The Nokia N92 has four different modes for simple and easy usage. The new view mode is especially designed for watching TV and video. To start watching mobile TV, users simply need to open the Nokia N92 in view mode and press the Multimedia key. The Electronic Service Guide (ESG) contains information about the available TV channels, programs and services. Other mobile TV features include watching time of up to four hours, recording and 30 seconds replay.

Nokia 770 (2005)

The Nokia 770 Internet Tablet is a new breed of device, aimed at putting the Internet and an excellent web browsing experience in the palm of your hand. Larger than a PDA (but not by much) and sharing the same touch screen experience, the Nokia 770 doesn't aim to replace the PDA nor your mobile phone. In fact the device has no mobile phone radio, a first for a Nokia device. Instead it relies on its WiFi 802.11g connectivity or you may use a Bluetooth-enabled phone as a wireless modem for the Nokia when you're not in range of a WiFi network. The concept is in some ways similar to Bill Gates' failed venture into the web pad business: a device that's intended to access the web anywhere in your wireless-enabled home or business but lacks the power of a full-blown computer. Nokia has smartly evaded the web pad's shortcomings: a high price, Windows' high maintenance requirements and large size (bigger and heavier than a medium format book). The 770 is compact and reasonably priced at a suggested list price of $359.99. Since demand for the device is higher than supply, you may find it for sale at higher than suggested list price.

Rather than saying what the Nokia 770 is not, let's start with what it is: an extremely compact handheld device designed for Internet addicts and everyday folks who wish to access the web instantly and easily from places other than their desk in front of a PC. It has a bright and sharp 800 x 480 pixel four inch display reminiscent of the Samsung Nexio S160. The device measures 5.5" wide by 3" high by .75" thick with its metal slip cover on. It weighs 8.1 ounces, is pretty easy on the hands, and the included easel stand, similar to that included with the short-lived Nokia 7710 smartphone means you can sit it on the table if you prefer. The device has WiFi 802.11b/g and Bluetooth 1.2 (you can use your Bluetooth enabled-phone as a modem for the Nokia 770 when WiFi isn't available). The unit has a touch screen like a PDA and two styli are included. The device is geared toward those who don't want to sit with a laptop on the couch or wait for a PC to boot up just to quickly check something online. It's geared to those who want to listen to streaming radio anywhere a WiFi or Bluetooth connection is available. It's geared to those who live for RSS news feeds and email.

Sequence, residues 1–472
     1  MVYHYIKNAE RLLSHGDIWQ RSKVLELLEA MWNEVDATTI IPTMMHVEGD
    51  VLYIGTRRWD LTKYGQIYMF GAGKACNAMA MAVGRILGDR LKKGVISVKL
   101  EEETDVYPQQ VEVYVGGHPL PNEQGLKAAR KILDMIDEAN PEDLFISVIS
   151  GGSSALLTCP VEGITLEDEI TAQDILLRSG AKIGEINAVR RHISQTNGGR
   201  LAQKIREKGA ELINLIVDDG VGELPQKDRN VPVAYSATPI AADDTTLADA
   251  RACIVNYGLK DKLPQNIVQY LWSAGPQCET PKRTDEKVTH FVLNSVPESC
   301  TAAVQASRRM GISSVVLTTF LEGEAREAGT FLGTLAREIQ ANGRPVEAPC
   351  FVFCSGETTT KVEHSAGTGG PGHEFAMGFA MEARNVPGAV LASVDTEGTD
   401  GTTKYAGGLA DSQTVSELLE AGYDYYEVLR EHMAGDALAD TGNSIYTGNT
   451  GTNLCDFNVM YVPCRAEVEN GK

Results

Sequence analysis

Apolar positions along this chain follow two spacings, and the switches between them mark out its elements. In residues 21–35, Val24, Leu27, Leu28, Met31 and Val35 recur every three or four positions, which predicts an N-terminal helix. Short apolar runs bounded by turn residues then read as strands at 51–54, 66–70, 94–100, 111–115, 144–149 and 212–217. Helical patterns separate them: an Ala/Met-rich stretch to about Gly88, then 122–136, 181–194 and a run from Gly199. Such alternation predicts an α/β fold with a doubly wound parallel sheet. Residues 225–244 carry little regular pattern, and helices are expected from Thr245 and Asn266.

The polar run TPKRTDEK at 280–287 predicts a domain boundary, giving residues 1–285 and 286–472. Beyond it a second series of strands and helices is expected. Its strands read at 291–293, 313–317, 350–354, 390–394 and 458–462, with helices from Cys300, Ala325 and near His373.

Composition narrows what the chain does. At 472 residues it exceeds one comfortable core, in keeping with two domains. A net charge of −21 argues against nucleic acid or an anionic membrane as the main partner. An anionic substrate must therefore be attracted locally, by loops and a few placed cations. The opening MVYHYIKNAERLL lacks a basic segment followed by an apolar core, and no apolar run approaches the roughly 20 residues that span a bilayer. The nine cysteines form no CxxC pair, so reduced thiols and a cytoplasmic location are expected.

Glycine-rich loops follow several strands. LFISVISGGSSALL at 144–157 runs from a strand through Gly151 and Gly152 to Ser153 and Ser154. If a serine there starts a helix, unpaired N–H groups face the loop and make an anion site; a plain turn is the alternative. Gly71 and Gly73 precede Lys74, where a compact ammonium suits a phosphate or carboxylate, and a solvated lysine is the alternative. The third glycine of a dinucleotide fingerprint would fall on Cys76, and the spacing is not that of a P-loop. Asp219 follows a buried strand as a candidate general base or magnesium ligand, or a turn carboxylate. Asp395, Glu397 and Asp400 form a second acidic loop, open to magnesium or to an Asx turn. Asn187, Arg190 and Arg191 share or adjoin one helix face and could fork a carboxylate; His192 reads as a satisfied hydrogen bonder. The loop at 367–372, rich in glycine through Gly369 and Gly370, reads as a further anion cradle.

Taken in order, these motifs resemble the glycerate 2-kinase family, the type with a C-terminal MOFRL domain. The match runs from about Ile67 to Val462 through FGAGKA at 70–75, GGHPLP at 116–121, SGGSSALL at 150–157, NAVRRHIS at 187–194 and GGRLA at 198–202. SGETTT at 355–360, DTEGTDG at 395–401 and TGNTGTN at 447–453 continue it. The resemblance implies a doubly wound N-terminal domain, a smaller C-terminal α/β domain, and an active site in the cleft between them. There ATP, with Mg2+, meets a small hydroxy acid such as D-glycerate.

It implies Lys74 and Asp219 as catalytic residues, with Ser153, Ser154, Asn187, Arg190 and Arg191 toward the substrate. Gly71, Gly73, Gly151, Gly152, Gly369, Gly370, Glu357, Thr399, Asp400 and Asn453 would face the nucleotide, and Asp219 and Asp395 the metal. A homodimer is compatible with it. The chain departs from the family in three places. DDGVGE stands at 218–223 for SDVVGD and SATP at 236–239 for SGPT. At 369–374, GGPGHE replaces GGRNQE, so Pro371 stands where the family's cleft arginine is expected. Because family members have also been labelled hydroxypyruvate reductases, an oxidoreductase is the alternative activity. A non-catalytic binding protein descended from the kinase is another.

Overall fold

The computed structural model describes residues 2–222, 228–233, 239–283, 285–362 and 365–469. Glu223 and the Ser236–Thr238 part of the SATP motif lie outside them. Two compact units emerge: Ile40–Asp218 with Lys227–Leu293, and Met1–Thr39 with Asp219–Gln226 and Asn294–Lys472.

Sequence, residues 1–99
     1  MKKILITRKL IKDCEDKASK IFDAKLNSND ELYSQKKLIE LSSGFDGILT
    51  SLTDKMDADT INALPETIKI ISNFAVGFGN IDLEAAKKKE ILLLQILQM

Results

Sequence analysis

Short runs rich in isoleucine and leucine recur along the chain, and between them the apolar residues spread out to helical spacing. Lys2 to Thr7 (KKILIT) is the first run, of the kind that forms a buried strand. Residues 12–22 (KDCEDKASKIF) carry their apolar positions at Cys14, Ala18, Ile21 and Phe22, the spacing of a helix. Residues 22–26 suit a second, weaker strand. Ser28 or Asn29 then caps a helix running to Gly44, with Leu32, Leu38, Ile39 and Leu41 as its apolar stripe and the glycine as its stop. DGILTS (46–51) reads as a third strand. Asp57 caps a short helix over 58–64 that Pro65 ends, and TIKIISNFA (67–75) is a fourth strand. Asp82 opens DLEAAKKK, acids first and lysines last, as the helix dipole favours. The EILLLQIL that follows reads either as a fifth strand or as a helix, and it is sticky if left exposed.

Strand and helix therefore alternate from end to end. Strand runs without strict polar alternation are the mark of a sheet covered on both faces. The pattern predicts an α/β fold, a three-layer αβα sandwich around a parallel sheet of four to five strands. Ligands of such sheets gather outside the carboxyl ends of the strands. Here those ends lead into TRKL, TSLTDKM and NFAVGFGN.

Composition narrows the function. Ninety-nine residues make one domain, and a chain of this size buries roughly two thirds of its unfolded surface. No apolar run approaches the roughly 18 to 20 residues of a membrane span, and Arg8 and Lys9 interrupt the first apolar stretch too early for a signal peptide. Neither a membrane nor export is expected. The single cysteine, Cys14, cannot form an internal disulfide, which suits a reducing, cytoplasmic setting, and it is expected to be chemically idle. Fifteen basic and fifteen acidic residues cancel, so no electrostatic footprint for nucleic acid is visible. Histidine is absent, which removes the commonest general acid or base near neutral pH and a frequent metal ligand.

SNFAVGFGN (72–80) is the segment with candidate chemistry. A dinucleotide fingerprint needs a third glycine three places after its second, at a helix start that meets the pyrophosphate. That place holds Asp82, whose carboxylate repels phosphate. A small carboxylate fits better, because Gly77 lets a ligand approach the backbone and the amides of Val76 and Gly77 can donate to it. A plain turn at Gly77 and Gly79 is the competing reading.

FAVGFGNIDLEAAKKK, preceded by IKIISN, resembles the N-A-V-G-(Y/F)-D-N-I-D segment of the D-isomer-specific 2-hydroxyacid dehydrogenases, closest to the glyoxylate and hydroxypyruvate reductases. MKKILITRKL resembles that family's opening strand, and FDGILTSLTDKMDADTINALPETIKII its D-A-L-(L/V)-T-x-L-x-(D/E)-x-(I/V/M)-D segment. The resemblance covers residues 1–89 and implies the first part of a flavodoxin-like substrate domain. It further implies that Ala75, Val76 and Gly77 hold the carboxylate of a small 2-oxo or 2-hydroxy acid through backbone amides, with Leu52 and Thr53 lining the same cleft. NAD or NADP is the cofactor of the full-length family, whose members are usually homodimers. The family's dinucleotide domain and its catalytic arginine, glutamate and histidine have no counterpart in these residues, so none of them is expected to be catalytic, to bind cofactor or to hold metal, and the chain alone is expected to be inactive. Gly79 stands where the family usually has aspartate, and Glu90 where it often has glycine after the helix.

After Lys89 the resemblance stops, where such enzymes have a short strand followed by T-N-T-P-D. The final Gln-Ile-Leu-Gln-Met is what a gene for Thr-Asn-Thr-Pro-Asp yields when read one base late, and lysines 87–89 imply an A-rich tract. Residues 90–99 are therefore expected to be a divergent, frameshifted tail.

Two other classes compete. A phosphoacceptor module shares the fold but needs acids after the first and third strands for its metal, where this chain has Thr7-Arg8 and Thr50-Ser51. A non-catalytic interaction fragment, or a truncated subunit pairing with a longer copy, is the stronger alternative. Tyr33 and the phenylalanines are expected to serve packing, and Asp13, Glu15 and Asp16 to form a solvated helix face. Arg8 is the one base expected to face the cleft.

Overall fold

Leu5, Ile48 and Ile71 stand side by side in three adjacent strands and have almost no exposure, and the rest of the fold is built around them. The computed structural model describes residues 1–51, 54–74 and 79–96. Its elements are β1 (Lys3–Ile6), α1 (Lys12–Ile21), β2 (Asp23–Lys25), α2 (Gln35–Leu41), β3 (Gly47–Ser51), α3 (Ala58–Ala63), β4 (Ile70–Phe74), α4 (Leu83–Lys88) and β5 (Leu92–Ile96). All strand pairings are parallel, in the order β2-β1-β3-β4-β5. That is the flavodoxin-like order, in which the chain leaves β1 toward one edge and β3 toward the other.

Nokia 5300 (2006)

Brings a fun and affordable slant to the music mobile market, tempered slightly by the poor phone and low internal memory.

Nokia has set out its stall for high end music mobiles with its N91 4GB and 8GB mobiles, but it's also keen to scoop up some of the budget end of the market too. The Nokia 5300 XpressMusic is a handset clearly targeted at a young music-loving audience, with its bold colour scheme and slider chic. It's immediately apparent that the 5300 is part of an ever-growing army of dedicated music mobiles from the array of rubberised transport controls lined up along the handset's coloured rim.

In the case of our review model, this was red and white, but for the more reserved it's also available in black and white. The frame around the largish 2-inch, 262k-colour display is a muted silver, which is carried over to the hidden keypad.

It's not the thinnest sliderphone around, although it is relatively compact in the palm of your hand. The slide-action top springs open effortlessly with a reassuring 'clunk', and despite the phone's solid feel it's in no way cumbersome. This quality extends to the keypad and navigational buttons, too, which all make good use of the extra space available to present surprisingly tactile controls. The usual Nokia layout is followed, and the crystal-clear QVGA screen is another plus.

Getting down to the nitty-gritty, the 5300 is first and foremost a music mobile, and targets most of its efforts in this area. So how does it fare? Close observers will notice straight away the updated Series 40 Music Player, which brings the handset more in line with the offerings of music mobile maestro, Sony Ericsson.

Nokia E65 (2006)

The E65 comes in two colour schemes. Mine was brown – Nokia calls it Mocca – and silver. The alternative is red and silver. The brown parts are made of a rubbery substance which makes the E65 easy to grip. I don’t like the leather-look stipple on the back, but that is just a matter of personal taste.